Cherries by Danusha Laméris

The woman standing in the Whole Foods aisle
over the pyramid of fruit, neatly arranged
under glossy lights, watched me drop
a handful into a paper bag, said how do you do it?
I always have to check each one.
I looked down at the dark red fruit, each cherry
good in its own, particular way
the way breasts are good or birds or stars.
Doesn’t everything that shines carry its own shadow?
A scar across the surface, a worm buried in the sweet flesh.
Why not reach in, take whatever falls into your hand.

Cherries

I have been listening to Danusha Laméris the past few weeks, as she co-hosts with James Crews a series called Poetry of Resilience, delighting in her delight with poetry and discovering new poems. There was a passing reference to this one last week, written some years ago, so I looked for it and now want to share my pleasure with you.

Be it Whole Foods or some other grocery store, have you not exchanged a brief comment with a stranger over some food you are both considering? I can imagine the woman’s how do you do it? curious to see someone take cherries by the handful when she herself feels the need to check each one. This then causes the poet to reflect on how each cherry, to her, is good in its own, particular way / the way breasts are good or birds or stars.

Such a generous perspective, that everything has its own light and shadow, that there may be a scar, a worm buried in the sweet flesh and it is all good. Therefore, Why not reach in, take whatever falls into your hand. Why not, she seems to be asking us, receive all of it, the shine, the blemish, no need to look only for perfection. Kind of like life, don’t you think?

Quote by Robin Wall Kimmerer

Even a wounded world is feeding us.

Even a wounded world holds us, giving us

moments of wonder and joy. I choose joy

over despair. Not because I have my head 

in the sand, but because joy 

is what the Earth gives me 

daily and I must return the gift.

from: https://voxpopulisphere.com/2019/10/14/robin-wall-kimmerer-i-close-my-eyes-and-listen-to-the-voices-of-the-rain/

Some of you will be familiar with Kimmerer’s outstanding book Braiding Sweetgrass: Indigenous Wisdom, Scientific Knowledge and the Teachings of Plants. Her writing is wise and poetic, full of rich quotes such as this one, as she shares her botanical and indigenous knowledge of the natural world, her beliefs in our interconnectedness, in the possibility of change.

There is so much contained in these few words – how a wounded world (and who could argue with that description?) is feeding us, holding us, giving us / moments of wonder and joy. Her response to these moments is I choose joy / over despair. Then lest we think her choice unrealistic, she explains that joy / is what the Earth gives me / daily and I must return the gift.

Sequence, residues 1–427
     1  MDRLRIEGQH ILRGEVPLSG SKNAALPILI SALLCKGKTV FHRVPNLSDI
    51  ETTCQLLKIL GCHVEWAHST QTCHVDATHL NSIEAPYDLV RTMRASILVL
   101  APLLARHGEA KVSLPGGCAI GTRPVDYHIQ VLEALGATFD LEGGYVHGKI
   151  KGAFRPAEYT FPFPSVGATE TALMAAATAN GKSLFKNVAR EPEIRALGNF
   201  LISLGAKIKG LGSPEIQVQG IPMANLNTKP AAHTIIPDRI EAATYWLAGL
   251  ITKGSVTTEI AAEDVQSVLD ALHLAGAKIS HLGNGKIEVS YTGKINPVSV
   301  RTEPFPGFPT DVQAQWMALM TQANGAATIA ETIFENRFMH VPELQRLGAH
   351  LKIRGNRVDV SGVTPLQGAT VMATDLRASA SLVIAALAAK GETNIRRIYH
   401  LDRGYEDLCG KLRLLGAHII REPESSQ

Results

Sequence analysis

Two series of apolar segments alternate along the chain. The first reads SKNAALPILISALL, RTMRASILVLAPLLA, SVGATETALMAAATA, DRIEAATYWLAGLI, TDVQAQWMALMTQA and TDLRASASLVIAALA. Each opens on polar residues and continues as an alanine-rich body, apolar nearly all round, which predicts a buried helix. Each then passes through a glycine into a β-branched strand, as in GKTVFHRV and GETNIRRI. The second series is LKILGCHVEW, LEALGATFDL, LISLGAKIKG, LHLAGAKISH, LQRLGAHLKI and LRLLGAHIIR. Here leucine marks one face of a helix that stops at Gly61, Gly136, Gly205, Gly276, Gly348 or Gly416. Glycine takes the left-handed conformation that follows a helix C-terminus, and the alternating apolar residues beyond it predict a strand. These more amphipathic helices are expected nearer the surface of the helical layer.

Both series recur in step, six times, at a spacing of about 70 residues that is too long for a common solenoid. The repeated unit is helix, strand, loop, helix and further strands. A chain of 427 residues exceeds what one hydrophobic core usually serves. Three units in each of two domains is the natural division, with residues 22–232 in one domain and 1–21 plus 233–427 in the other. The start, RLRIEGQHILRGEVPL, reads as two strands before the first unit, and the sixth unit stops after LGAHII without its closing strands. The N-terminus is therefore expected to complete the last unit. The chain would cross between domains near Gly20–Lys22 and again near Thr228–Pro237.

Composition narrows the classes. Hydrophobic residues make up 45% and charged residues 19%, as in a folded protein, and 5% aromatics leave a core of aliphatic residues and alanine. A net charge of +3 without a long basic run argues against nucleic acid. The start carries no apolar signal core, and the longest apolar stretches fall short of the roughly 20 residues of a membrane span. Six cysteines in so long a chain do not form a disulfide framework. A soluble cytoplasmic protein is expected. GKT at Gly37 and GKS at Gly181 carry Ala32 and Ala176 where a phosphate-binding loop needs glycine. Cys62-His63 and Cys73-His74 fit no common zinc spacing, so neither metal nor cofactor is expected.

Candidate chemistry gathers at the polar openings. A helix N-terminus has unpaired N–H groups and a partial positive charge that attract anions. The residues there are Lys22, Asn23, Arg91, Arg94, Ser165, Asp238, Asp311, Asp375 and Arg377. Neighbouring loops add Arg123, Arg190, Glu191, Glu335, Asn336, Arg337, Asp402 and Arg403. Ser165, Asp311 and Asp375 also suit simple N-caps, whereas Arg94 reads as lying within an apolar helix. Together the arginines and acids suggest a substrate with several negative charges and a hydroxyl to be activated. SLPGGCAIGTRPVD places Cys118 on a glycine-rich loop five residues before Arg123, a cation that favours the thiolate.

Every day she finds joy in the living world of plants, earth, water; she receives this joy with gratitude. And so in her world view, it is incumbent on her, on us all, to return the gift, to share it so that we do not succumb to despair for this wounded world. I am inspired by the idea of returning the gift of joy even in the face of despair. May you also be inspired.

Wren’s Nest in a Shed Near Aurora by Kim Stafford

Three tiny eggs in thistledown
cupped in a swirl of grass
in the pocket of the tool belt
I hung on the wall of the shed
when it finally stood complete–
will be three songs
offering local dignity for
my country enthralled by war
in distant lands.
                          Stand back
cautiously, close the door
tenderly, let the future
ripen, grow wings,
and build songs.

Wren’s Nest in a Shed Near Aurora

Kim Stafford is the son of the well known poet William Stafford who wrote every morning before dawn from the 1950s until his death in 1993, a practice that produced many memorable poems. His son has adopted this daily practice, going from an occasional writer to a more active one. This is the first example of his work to come to my attention and now to share with you.

Such a tender picture: Three tiny eggs in thistledown – so delicate and vulnerable yet nestled in the pocket of the tool belt, a sturdy protection. Stafford then moves us forward in time to when these tiny eggs will have hatched into wrens with their birdsong offering local dignity for / my country enthralled by war / in distant lands. What an astonishing leap, from a simple shed to war in distant lands – it gave me pause.

Then the poet invites us to gently leave these eggs in the shelter of the shed and let the future / ripen, grow wings, / and build songs. The future will come of course and with his imagination, there will be bird wings to fly and songs to carry on the air. There is an optimism in this scene of birth and music and flight that counterbalances the grim vision of war. Both will continue to exist and we must never forget the former.

Of Prayer Now by Andrea Potos

After cocooning
myself in my comforter
before sleep comes,
I lay with eyes open
in the dark. One by one
I conjure them all,
finding again
their magnanimous, smiling faces—
my queue of beloveds,
returned. This
is the way of prayer now—
to remember Love in all
its past and present forms.

Of Prayer Now

This small poem caught my attention in its simple evocation of my queue of beloveds, those family and friends who have died in body but remain with me in spirit. Potos describes perfectly for me how the comforting dark is a place to conjure them all, remembering their magnanimous, smiling faces. I really do see each face, perhaps have a word or two (today is your birthday!) and draw them close for the moment.